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The Question of the Primordial Ground of Being

Democrite assumed that being is not immobile. Instead, for him, being consists of an infinite number of atoms that move in space - my homework . To distinguish the atoms, he named characteristics of a quantitative nature: "They differ in shape, which is connected with size, in position and in arrangement." Furthermore, he was convinced that a force that causes creation and decay is unnecessary.

For the essential property of atoms is their mobility. In this, Democrite saw the mobility of atoms as a mere change of place and overlooked the fact that all bodies falling in the void have the same velocity - same day essay . But this means that the bodies do not change their position in relation to each other. A collision, a vortex or the concatenation of atoms was therefore not possible.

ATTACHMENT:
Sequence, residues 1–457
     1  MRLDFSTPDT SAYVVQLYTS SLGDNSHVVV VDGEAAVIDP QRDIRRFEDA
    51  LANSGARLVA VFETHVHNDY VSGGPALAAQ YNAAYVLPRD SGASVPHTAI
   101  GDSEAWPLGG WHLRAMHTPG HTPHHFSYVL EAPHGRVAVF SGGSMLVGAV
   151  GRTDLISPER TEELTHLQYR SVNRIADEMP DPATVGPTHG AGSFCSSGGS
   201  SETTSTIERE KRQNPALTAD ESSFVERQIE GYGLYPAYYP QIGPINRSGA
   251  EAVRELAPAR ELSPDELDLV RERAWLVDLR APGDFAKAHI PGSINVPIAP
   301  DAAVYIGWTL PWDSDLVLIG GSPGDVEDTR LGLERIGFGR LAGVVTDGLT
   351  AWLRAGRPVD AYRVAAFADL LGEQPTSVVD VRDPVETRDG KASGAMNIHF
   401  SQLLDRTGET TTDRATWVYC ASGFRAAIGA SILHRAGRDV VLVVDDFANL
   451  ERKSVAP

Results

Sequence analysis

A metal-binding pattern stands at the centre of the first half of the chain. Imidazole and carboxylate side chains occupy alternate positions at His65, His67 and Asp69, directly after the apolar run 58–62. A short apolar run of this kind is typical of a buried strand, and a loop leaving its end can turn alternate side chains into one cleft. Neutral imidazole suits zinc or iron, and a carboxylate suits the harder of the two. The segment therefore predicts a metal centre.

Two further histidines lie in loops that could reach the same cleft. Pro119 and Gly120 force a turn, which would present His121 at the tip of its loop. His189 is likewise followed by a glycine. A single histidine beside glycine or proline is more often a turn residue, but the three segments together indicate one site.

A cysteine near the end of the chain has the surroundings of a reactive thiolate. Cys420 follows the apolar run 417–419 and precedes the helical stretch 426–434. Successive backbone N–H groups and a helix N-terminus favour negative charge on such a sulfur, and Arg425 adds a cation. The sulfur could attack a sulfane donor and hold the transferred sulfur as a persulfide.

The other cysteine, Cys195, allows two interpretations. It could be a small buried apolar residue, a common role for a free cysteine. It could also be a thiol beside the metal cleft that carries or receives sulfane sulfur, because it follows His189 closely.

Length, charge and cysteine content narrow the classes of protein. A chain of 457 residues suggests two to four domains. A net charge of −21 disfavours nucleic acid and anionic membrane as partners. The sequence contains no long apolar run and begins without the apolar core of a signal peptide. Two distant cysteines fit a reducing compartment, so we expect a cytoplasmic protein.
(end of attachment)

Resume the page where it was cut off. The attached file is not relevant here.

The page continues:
Democrite considered empty space as a prerequisite for the atoms to be able to move freely at all. Therefore, the atoms, which exist in infinitely large numbers - , must always be single and separate. Emptiness is responsible for this separation of the atoms from each other, which is thus also the condition for the movement of the atoms and is responsible for their diversity and singularity. Democrite referred to empty space as non-being. For him, being and non-being coexist and are unchanging. Only the concatenation of atoms can change, but not the atoms themselves or the emptiness. According to Democrite, emptiness is present to varying degrees in different things. According to this, soft things possess much emptiness and hard things little.

Useful Resources:


Natural numbers, axiomatic structure

Natural numbers, historical


Biochemistry history